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Is nudge an effective public health strategy to tackle obesity? Yes

BMJ 2011; 342 doi: http://dx.doi.org/10.1136/bmj.d2168 (Published 14 April 2011) Cite this as: BMJ 2011;342:d2168
  1. Adam Oliver, senior lecturer
  1. 1LSE Health, London School of Economics and Political Science, London WC2A 2AE, UK
  1. a.j.oliver{at}lse.ac.uk

Adam Oliver maintains that nudges may help people to make healthier choices, but Geof Rayner and Tim Lang (doi:10.1136/bmj.d2177) worry that government proposals are little more than publicly endorsed marketing

The “nudge” or, more formally, libertarian paternalist agenda has captured the imagination of at least some of the British policy elite, epitomised by the creation of the Cabinet Office’s behavioural insights team (the so called nudge unit).1 The reason for the political popularity of nudging is obvious: it offers politicians a tool by which they can offer guidance, without enforcement, on individual behaviour change that is good for and, on reflection, preferred by, individuals themselves. Various nudge policies have been proposed to tackle obesity, but before considering these, I will try to clear up a few misconceptions about what libertarian paternalism conceptually entails.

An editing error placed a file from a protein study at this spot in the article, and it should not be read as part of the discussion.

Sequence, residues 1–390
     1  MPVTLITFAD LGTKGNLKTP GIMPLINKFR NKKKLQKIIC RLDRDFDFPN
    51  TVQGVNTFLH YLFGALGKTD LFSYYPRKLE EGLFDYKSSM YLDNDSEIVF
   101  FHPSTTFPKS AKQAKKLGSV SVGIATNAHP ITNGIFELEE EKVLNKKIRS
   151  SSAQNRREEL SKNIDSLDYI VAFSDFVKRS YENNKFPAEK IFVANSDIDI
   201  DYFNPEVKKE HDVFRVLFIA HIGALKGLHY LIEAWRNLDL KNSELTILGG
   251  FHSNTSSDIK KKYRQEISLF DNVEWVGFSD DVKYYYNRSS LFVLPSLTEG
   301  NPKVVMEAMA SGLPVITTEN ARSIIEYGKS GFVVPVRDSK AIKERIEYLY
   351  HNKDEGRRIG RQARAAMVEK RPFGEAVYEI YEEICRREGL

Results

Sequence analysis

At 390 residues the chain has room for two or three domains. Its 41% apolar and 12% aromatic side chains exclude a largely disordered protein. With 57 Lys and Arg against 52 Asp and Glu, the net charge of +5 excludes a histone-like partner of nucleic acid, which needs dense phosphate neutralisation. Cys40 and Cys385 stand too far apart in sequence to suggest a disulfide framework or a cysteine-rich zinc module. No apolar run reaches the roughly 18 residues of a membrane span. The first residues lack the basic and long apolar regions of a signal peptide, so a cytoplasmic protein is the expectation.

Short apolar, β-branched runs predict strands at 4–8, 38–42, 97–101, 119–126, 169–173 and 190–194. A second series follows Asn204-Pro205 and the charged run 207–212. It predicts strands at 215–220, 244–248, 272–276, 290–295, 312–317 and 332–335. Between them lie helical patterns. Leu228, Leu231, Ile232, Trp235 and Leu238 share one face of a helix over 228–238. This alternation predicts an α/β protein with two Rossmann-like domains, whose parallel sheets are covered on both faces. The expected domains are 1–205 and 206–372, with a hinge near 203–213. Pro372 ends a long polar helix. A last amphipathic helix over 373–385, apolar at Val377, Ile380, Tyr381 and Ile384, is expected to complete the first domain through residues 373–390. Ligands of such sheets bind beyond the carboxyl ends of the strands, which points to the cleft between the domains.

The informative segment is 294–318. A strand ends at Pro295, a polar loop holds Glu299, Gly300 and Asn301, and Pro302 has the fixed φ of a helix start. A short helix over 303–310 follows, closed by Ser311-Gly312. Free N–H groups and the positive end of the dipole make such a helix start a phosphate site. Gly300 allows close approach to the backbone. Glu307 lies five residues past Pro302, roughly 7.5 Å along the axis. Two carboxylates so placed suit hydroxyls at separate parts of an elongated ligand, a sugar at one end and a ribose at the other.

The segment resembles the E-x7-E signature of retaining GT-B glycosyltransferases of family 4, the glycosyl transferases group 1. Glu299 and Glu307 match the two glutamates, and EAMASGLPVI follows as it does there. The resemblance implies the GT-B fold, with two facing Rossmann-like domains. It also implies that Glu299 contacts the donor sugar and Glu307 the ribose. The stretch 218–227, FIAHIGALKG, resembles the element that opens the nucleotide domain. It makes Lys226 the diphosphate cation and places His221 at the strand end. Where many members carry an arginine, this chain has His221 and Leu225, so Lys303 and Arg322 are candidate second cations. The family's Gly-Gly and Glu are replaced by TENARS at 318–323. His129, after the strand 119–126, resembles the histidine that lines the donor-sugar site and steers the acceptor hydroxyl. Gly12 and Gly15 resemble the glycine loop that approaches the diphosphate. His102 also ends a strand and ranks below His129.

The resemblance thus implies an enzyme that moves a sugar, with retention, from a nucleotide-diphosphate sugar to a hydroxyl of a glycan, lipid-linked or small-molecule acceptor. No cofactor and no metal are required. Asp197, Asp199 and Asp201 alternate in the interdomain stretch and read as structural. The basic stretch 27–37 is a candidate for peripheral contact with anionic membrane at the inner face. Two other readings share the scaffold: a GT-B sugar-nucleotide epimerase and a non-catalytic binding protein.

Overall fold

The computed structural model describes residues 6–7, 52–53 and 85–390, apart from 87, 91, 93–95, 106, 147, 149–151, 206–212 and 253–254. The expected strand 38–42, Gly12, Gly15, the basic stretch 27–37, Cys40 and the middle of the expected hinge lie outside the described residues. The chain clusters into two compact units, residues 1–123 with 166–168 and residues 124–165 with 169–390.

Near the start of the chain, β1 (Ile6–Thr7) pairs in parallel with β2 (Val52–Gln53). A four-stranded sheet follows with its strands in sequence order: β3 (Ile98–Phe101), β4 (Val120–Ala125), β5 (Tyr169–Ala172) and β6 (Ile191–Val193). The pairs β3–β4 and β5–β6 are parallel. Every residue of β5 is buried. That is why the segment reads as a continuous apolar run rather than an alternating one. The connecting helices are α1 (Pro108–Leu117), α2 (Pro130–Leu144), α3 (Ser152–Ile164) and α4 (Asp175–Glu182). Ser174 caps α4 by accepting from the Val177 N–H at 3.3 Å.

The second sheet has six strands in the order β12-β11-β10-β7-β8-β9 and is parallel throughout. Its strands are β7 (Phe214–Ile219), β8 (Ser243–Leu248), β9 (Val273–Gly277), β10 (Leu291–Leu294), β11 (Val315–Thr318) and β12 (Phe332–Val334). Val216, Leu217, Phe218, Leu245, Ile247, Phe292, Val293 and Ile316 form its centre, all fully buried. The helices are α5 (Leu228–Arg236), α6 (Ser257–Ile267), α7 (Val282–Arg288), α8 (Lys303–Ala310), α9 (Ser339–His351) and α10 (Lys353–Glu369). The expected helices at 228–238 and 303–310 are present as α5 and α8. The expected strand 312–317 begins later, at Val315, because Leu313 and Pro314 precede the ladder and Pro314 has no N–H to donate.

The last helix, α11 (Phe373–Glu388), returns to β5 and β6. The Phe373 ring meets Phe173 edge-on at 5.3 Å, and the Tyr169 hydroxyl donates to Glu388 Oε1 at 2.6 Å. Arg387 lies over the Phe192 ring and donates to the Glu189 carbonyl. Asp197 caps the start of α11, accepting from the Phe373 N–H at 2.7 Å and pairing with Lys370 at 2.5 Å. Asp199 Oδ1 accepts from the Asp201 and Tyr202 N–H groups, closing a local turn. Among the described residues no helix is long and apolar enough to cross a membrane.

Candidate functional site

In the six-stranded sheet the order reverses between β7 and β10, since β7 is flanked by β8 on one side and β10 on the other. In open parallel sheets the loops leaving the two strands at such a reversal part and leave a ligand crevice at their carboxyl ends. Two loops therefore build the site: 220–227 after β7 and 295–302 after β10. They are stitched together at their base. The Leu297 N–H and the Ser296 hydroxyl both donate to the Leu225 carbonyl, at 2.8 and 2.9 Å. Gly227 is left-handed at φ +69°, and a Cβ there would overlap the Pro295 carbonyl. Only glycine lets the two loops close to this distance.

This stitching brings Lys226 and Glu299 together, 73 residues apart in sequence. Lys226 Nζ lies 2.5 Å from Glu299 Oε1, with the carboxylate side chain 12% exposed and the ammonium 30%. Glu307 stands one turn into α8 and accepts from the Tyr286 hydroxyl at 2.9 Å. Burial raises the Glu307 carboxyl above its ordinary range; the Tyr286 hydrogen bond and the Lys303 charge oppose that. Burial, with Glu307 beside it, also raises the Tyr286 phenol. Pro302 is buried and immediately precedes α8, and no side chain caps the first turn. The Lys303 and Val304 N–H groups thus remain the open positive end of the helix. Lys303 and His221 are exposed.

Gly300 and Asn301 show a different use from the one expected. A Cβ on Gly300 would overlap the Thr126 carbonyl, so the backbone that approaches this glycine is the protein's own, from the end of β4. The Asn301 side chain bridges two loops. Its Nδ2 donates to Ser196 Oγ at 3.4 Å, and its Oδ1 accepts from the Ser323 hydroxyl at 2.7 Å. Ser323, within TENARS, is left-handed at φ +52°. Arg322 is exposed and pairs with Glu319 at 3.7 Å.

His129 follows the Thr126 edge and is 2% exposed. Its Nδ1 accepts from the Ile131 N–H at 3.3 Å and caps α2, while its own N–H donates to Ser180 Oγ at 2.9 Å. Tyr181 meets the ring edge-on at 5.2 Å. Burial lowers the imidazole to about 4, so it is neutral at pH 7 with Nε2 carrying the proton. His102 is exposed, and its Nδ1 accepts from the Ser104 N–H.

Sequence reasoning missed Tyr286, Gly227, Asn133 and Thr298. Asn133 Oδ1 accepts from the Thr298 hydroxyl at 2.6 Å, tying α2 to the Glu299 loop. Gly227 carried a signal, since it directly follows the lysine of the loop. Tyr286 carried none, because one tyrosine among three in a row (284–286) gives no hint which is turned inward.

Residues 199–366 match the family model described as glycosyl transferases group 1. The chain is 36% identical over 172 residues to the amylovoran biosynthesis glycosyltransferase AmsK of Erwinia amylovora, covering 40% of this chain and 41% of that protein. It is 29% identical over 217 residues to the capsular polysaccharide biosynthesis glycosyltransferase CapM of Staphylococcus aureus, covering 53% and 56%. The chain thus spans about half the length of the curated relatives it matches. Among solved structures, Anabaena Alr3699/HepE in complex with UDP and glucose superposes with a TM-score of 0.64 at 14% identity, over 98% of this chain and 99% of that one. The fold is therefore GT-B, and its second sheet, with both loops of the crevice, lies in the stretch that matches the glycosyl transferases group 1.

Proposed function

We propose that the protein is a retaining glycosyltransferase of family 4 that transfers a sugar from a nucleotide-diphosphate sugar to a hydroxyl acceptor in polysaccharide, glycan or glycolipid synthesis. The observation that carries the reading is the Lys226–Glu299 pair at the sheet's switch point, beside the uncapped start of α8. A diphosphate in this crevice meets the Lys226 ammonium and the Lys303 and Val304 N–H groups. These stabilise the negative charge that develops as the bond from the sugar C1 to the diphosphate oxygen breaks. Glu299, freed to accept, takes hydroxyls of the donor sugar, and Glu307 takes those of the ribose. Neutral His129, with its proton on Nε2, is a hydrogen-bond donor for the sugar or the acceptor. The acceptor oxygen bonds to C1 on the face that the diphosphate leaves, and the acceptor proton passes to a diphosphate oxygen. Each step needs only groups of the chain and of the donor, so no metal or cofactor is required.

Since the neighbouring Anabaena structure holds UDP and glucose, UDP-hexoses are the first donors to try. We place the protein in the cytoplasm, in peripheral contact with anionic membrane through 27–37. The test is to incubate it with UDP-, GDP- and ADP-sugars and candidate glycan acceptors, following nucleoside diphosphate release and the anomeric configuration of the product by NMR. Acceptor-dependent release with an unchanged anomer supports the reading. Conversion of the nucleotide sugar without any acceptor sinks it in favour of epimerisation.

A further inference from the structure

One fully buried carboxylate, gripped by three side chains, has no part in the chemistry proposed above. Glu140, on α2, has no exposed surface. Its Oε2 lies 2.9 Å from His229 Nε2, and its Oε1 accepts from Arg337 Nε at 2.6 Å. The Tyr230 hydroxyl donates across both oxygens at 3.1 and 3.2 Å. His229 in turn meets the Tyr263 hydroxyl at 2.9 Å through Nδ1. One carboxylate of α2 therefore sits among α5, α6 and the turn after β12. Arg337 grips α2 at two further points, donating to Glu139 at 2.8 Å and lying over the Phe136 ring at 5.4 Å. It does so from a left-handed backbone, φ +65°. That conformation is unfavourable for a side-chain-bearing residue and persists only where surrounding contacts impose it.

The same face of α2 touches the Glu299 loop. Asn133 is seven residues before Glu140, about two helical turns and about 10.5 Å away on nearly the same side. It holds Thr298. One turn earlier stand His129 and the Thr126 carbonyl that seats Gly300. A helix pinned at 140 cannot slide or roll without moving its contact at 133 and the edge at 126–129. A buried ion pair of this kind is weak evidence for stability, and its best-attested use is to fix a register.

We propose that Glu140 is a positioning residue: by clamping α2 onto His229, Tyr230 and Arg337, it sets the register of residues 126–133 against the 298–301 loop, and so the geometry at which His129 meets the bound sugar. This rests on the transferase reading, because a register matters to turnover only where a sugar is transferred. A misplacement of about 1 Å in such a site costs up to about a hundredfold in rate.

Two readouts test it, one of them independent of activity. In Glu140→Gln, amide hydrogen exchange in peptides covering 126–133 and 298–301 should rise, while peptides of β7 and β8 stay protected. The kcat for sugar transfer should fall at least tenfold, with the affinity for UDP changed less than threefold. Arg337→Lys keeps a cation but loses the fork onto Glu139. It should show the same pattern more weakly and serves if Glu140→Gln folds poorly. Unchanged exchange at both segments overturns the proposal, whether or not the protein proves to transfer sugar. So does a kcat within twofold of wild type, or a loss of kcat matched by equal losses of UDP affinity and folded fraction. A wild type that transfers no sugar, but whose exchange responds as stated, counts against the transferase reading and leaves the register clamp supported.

Rationale of nudging

The essence of the approach is to apply behavioural economic insights (for example, loss aversion—that losses tend to “hurt” more than gains of the same size) to policy considerations so as to change the choice architecture (that is, the …

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